No announcement yet.

'60 Lark new brake linings won't stop well

  • Filter
  • Time
  • Show
Clear All
new posts

  • '60 Lark new brake linings won't stop well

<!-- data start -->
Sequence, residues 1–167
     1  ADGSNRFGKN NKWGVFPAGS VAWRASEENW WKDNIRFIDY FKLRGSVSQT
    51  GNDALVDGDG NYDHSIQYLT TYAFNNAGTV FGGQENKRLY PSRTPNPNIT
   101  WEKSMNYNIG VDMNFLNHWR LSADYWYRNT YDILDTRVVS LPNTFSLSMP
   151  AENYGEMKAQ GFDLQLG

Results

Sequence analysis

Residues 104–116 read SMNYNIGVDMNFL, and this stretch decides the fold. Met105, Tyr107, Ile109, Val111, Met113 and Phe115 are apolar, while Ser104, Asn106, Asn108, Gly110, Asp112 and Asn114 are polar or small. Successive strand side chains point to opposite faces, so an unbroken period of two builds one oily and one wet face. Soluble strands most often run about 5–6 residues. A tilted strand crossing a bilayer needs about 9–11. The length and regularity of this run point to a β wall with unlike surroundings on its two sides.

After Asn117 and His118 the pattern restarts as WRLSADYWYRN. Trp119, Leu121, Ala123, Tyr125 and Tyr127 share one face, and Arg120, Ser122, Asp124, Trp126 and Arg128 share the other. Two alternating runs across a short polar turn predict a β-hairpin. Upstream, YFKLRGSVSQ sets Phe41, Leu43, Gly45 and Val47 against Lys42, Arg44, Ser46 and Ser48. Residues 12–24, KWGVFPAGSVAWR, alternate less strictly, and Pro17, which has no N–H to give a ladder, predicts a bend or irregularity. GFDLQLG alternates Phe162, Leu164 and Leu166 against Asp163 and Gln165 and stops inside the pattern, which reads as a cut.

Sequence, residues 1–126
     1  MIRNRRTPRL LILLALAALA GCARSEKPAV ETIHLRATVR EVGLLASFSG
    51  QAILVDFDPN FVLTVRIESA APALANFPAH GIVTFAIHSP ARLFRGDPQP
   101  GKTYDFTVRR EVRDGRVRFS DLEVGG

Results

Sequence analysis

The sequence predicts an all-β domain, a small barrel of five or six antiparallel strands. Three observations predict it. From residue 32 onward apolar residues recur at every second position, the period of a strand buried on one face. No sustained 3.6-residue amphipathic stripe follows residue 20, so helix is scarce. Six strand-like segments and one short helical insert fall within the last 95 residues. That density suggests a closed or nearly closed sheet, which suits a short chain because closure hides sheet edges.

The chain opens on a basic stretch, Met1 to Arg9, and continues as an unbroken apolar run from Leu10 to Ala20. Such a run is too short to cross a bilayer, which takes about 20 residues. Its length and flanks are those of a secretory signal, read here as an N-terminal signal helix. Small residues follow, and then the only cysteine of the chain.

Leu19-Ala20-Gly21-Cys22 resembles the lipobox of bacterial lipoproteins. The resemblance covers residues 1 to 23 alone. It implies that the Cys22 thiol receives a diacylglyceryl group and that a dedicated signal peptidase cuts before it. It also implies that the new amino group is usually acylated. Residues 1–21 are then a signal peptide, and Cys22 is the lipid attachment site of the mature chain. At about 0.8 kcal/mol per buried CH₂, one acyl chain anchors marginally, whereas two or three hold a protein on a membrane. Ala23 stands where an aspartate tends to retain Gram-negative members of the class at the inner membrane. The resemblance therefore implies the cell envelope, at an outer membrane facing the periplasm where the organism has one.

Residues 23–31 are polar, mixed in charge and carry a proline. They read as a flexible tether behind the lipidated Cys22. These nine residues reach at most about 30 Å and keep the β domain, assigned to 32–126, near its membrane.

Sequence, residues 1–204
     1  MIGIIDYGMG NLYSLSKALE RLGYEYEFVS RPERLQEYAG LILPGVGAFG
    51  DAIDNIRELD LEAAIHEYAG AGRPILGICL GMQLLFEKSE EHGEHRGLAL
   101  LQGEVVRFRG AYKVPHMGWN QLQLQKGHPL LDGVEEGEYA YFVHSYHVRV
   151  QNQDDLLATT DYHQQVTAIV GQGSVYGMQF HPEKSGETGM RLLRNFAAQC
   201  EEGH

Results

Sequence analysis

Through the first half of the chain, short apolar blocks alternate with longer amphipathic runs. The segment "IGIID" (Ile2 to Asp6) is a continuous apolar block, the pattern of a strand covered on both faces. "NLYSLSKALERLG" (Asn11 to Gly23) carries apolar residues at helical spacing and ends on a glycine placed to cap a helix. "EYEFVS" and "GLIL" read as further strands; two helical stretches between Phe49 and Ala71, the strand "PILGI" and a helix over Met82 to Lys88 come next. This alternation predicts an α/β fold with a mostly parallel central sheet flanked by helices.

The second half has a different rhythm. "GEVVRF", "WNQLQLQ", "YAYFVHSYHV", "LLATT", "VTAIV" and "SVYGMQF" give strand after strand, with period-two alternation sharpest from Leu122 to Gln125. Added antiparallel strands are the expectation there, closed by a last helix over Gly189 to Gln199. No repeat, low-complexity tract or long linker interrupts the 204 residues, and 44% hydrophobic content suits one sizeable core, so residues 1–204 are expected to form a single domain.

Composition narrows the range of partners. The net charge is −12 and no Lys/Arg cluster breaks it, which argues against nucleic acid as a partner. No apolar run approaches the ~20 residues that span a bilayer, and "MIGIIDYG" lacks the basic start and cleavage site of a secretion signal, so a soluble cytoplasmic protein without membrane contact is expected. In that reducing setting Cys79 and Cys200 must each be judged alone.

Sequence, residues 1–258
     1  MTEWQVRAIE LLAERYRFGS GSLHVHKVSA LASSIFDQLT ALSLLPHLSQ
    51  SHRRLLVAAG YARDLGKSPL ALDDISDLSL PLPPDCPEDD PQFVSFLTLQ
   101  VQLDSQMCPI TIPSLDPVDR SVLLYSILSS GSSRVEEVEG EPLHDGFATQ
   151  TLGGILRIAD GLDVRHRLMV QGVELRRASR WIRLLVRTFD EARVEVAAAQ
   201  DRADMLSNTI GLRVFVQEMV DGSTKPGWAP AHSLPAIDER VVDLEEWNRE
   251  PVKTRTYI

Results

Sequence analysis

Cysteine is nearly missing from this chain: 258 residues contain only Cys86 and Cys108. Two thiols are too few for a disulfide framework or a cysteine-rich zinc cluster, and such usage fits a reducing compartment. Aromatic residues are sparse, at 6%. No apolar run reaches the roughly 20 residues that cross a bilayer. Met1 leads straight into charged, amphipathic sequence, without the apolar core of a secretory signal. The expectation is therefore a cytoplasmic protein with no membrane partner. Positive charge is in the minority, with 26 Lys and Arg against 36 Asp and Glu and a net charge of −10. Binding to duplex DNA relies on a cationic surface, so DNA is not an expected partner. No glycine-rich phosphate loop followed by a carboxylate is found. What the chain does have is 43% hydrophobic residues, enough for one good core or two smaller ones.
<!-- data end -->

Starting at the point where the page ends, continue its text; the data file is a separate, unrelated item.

I've had my Lark V-8 with manual brakes for many years and the brakes always worked surprisingly well. I bought replacement linings from a Studebaker vendor (Packard Farm) years back before I needed them, and when I noticed the linings were almost worn out, about 2 years ago, I got around to putting them on (very carefully). Immediately thereafter, the brake pedal needed much more force, the brakes faded after a couple moderate stops and I got the smell of hot linings with the first moderate stop and afterward. At that time, I double checked the installation and could find nothing wrong. I thought that they possibly needed wearing in, so I continued to drive the car for 2 years (carefully) but they have never improved much. Soooo, I took the drums off today to inspect everything and can see nothing wrong: there is no grease on the linings or drum, the lining lengths measure the correct length (primary and secondary shoes), the little wear which has occurred appears even along the length of the linings (no sign of partial contact). The linings do seem very glazed- I can see reflections on them. They also have some surface cracks. My guess is the glazing is causing the problem. The shop manual talks about the possibility of glazing and new linings, but it says that can be removed by doing some hard stops until they give out a strong odor and letting them cool. That has been done many times over the last 2 years with no improvement. Maybe the old asbestos linings acted differently.